Report No. 199
Section 28 saves two types of contracts under the exceptions:
(1) It does not render void a contract by which two or more persons agree that any dispute which may arise between them shall be referred to arbitration and that only the amount awarded in the arbitration shall be recoverable.
(2) It does not also render void a contract to refer to arbitration questions that have already arisen.
Section 28 will come into play when the restriction imposed upon the right to sue is 'absolute' in the sense that the parties are wholly precluded from pursuing their legal remedies in the ordinary tribunals. A partial restriction will be valid as observed by Supreme Court in Hakam Singh v. Gammon (India) Ltd. (AIR 1971 SC 740). In this case a clause in the agreement between the parties provided that "the court of law in the city of Bombay alone shall have jurisdiction to adjudicate thereupon." The plaintiff filed a suit at Varanasi, but the same was dismissed in view of the abovestated agreement. The court held that agreement was not opposed to public policy and it did not contravene section 28, and therefore, the suit filed at Varanasi was rightly dismissed.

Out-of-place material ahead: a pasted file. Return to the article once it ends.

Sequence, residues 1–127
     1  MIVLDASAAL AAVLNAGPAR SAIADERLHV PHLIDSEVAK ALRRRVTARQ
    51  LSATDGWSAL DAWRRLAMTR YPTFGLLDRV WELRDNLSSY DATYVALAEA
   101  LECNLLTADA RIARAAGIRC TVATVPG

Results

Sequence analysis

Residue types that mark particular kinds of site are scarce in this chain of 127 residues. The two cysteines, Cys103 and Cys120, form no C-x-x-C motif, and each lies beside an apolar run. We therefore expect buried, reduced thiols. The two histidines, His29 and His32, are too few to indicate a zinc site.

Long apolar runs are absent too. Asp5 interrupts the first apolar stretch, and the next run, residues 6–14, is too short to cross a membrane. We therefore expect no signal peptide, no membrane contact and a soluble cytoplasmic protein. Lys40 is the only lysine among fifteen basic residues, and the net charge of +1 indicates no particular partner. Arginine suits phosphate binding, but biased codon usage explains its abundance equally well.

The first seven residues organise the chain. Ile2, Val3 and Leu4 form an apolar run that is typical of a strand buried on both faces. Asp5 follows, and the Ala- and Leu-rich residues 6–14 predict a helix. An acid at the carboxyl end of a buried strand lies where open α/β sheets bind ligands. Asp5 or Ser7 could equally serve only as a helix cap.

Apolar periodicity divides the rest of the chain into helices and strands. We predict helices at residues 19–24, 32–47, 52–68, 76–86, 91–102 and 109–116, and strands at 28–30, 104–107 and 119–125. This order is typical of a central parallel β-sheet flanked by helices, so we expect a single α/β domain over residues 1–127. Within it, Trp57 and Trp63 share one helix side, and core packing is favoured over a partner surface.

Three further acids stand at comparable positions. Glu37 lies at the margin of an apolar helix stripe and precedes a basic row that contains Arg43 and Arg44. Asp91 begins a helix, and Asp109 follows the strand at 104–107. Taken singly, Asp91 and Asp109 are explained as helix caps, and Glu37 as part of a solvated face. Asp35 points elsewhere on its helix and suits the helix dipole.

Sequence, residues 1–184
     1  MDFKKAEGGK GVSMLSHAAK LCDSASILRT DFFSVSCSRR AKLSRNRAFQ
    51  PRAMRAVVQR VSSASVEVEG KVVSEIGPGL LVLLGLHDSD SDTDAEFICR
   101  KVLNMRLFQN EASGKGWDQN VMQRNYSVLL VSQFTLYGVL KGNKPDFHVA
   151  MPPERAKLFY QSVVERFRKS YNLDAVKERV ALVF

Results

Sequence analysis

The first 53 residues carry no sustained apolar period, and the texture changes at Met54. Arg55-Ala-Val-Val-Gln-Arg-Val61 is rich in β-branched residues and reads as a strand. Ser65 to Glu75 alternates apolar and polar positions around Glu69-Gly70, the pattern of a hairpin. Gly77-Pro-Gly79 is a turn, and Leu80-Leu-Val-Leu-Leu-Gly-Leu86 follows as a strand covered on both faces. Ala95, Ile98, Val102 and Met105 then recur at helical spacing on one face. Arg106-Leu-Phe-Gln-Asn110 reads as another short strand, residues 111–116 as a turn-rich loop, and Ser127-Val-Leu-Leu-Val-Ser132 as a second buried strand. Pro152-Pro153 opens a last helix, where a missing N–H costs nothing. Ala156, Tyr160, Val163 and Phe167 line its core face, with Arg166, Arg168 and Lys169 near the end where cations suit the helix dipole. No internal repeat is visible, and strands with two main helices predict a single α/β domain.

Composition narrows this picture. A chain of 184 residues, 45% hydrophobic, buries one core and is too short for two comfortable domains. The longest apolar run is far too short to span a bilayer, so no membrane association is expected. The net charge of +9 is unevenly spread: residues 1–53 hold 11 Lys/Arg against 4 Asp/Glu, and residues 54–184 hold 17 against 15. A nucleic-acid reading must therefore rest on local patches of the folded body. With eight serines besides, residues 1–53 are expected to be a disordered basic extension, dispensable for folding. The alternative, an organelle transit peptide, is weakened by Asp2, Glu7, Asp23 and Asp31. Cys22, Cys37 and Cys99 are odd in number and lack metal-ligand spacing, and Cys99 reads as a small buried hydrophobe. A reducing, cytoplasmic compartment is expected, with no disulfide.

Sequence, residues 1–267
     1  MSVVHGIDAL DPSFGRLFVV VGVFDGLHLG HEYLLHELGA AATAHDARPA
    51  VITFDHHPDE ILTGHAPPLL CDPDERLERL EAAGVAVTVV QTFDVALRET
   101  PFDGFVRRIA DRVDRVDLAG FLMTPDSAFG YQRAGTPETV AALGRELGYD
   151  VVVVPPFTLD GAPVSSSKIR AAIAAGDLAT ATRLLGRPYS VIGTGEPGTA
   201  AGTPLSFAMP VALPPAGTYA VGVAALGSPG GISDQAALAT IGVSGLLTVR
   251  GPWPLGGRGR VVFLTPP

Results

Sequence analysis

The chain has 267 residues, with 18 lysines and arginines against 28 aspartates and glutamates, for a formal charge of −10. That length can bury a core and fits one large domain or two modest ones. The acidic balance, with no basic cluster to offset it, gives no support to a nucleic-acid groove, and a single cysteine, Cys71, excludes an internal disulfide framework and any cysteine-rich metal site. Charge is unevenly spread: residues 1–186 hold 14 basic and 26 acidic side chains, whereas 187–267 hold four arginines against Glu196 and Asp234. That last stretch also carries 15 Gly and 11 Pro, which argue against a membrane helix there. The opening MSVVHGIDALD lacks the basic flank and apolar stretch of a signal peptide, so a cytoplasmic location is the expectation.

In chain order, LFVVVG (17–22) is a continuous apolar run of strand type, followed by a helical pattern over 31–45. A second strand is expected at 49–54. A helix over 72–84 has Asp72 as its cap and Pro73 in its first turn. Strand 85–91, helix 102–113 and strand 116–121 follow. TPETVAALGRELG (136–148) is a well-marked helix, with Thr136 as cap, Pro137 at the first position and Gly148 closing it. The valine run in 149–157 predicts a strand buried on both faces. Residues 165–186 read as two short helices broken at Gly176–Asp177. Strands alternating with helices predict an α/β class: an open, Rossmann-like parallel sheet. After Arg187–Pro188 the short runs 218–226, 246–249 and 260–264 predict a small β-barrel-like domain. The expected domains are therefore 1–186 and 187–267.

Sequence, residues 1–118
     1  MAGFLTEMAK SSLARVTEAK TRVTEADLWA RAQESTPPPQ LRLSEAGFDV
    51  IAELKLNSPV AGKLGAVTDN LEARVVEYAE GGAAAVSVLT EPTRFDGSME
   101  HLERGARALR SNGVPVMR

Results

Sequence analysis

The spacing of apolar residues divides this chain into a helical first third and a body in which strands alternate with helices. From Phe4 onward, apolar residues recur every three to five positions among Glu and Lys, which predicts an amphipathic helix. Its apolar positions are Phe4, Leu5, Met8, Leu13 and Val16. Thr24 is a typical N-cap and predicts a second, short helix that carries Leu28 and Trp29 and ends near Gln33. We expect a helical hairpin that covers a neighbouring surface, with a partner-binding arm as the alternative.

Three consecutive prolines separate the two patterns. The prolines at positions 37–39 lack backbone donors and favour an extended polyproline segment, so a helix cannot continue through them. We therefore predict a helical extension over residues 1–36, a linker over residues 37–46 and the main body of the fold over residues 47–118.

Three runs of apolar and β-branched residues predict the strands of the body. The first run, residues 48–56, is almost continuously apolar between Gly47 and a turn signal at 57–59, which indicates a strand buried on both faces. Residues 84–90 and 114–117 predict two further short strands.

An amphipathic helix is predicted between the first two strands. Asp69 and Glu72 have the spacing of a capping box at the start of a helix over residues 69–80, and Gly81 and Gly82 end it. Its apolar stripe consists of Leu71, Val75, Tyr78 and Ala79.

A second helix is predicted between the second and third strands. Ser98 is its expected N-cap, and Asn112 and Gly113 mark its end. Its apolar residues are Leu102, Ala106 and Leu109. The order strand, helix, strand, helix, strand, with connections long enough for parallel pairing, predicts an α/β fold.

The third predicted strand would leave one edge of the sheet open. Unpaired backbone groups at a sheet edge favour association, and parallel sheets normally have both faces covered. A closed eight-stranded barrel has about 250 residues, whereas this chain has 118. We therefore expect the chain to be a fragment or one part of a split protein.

Under section 28 of Indian Contract Act, 1872, the citizen has the right to have his legal position determined by the ordinary tribunals, except, in the case of contracts to refer to arbitration disputes which may arise or which have already arisen. Section 28 affirms the common law and its provisions appear to embody a general rule recognized in the English courts which prohibits all agreement purporting to oust jurisdiction of the courts. Section 28 was amended by Indian Contract (Amendment) Act, 1996 which came into effect in 1997. The amendment gave effect to the suggestions made in the 97th Report of the Law Commission of India on "Section 28, Indian Contract Act, 1872: Perspective Clauses in Contract" (1984).
The Supreme Court laid down as follows:
"It is not open to the parties by agreement to confer jurisdiction on a court which it does not possess under the Code. But where two courts or more have this Code of Civil Procedure jurisdiction to try a suit or proceeding, an agreement between the parties that the dispute between them shall be tried in one of such courts is not contrary to public policy. Such agreement does not contravene section 28 of the Contract Act."